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creasing taste for religious poetry which is now prevalent, and from the conviction that the work will be useful in the private and family reading of the Psalms, and other Scriptures, of Sermons, and other religious works. Such private and family use, whether by reading or singing, will at once be edifying in itself, and preparatory to the intelli. gent use of these Psalms and Hymns in public worship. The annexed Indexes will render some assistance in adapt. ing the contents to these various purposes, by means of which several yearly courses may be selected; but a familiar acquaintance with the book will be found the best guide.
The Spirit of the whole book of Psalms is here exhibited, in a form suited for congregational singing; a second version being sometimes added, either as having been long in use among us, or as suited to many choice tunes, which are, or may be, introduced in congregations, where sacred music is more carefully cultivated. The prophetical and historical Psalms are adapted to our use, in these latter days, in connection with the successive Evangelical Festi. vals, and the Proper Lessons. Short explanatory prefaces are prefixed, and Scripture references given, especially where the Old Testament is quoted in the New.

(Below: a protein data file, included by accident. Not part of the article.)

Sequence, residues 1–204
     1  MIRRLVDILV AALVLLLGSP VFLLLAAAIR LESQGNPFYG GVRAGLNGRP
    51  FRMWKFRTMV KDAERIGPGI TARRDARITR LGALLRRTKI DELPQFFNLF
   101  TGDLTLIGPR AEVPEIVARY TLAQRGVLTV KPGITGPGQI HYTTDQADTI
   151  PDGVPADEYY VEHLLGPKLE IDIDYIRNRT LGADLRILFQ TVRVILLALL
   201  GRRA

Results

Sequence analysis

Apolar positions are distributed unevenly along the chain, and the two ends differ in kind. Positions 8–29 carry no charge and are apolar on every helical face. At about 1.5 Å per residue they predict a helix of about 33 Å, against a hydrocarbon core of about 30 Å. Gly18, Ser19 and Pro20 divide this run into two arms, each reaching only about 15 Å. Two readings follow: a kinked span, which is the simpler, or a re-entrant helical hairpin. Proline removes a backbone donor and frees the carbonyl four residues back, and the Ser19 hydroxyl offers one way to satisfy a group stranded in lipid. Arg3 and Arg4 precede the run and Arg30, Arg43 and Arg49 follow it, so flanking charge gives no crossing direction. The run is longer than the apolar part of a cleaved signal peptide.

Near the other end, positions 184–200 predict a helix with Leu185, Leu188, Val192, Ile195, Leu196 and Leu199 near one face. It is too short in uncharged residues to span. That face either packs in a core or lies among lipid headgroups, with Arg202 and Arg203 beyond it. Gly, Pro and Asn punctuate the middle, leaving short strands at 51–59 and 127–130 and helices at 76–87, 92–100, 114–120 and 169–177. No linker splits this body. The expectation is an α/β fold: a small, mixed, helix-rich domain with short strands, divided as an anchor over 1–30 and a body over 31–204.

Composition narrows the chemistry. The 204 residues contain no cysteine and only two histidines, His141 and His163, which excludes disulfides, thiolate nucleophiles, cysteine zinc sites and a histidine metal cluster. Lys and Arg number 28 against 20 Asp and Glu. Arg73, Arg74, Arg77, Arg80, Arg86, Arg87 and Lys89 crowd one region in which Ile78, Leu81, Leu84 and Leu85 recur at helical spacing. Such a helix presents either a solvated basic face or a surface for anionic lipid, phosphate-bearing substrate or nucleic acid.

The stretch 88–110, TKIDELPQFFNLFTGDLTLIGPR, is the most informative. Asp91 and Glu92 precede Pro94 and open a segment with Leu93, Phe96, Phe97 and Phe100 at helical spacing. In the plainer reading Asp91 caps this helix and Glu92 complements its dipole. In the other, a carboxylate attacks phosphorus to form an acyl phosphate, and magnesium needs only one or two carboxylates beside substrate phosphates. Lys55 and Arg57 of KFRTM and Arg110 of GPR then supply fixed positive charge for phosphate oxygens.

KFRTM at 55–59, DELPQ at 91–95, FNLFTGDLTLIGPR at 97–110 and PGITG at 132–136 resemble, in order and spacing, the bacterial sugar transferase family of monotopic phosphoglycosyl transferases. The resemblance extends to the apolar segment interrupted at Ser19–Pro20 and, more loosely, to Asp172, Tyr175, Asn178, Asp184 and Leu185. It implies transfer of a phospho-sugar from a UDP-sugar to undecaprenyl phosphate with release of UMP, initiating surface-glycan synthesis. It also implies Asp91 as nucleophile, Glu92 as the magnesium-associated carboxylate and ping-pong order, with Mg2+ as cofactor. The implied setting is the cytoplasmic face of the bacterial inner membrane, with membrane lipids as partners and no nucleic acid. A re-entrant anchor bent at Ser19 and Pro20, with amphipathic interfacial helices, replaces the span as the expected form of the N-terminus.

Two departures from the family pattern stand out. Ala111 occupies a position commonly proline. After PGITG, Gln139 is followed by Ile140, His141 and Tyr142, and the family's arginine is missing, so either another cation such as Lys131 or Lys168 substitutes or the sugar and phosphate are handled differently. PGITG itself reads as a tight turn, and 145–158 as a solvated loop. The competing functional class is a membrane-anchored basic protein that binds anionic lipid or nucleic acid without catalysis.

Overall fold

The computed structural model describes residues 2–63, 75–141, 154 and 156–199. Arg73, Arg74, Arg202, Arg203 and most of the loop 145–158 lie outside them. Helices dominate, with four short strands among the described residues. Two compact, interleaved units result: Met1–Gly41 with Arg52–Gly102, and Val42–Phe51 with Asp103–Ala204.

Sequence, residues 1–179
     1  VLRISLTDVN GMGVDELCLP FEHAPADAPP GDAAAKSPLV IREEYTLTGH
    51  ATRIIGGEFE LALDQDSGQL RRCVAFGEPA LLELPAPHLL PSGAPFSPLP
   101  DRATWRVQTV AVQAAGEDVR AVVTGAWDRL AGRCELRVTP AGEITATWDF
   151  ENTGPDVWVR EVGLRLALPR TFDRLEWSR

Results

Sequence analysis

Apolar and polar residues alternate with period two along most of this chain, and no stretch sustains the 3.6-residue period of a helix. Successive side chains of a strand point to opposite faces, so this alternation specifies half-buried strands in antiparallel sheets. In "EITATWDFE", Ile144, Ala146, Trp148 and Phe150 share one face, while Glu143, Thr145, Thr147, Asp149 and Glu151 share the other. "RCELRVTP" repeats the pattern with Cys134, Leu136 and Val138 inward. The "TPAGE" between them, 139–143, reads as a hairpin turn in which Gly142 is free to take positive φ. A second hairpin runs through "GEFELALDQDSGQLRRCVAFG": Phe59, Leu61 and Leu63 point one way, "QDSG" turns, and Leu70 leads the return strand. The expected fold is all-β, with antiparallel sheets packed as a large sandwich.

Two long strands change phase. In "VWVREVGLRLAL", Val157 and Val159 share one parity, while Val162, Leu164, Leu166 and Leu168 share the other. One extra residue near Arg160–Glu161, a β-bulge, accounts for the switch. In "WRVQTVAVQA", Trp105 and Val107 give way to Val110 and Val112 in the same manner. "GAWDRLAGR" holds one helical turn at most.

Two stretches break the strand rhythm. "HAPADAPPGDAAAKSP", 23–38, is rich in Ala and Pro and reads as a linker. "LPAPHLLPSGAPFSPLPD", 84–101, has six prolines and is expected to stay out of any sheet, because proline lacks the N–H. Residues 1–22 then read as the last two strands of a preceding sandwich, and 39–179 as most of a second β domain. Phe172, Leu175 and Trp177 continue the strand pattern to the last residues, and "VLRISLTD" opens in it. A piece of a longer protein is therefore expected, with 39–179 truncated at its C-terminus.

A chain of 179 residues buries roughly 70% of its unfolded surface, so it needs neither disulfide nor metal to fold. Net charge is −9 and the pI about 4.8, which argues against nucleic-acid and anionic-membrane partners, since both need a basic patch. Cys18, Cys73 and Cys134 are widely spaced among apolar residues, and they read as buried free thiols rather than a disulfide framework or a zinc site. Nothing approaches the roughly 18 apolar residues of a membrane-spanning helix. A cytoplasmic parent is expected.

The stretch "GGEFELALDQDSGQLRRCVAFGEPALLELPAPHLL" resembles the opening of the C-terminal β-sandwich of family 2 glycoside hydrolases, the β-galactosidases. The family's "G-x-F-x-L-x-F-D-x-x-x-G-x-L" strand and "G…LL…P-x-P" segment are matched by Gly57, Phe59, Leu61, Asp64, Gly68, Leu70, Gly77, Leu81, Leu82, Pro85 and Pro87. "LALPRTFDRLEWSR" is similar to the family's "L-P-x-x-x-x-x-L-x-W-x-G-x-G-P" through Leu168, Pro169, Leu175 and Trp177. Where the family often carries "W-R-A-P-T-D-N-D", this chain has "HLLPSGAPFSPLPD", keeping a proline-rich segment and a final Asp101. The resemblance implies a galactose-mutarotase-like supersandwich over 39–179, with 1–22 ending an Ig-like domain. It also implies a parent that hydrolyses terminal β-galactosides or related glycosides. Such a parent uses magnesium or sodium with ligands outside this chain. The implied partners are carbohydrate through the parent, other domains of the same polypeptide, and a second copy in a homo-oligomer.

Scripture Hymns will be found a prominent feature of this Selection. Those excepted which are read or chaunted in our Liturgy, most of the Songs of Scripture have been introduced; and Hymns on the Types, and Prophecies, and on other doctrinal and devotional passages, similar to the book of Psalms, in as large a measure as utility seemed to require, and comprehension allowed. The Apostolical prayers and doxologies will be found nearly complete. The adaptation of these has been an especial object to the Compiler; inasmuch as they, together with the other Scripture Hymns, appeared to him the most appropriate Supplement to the book of Psalms. But as very many of them were not discovered by him at all, in the religious poetry hitherto extant, and others not in a form sufficiently suited to this purpose, he has attempted to supply the deficiency by ori. ginal compositions. They aim only at utility, and pretend to no poetical elegance: but, such as they are, they are quite at the service of the Christian public. In other in. stances, and indeed throughout the work, he has been induced to use such freedom in abridging and altering the compositions of others, in order to adapt them to the principles upon which the Selection was projected, that he can scarcely do less than make himself responsible for all the defects which may be discovered. He wishes it to be view. ed as an original work, and to be judged of according to it. own merits, in the form in which it appears, by the sole test of congregational utility. It is, however, greatly in. debted to almost all the writers of religious poetry; and many even of those Psalms and Hymns, which might other. wise be called original, are indebted for all the value and beauty they possess to some stanza, line, or expression, either of deceased, or living writers.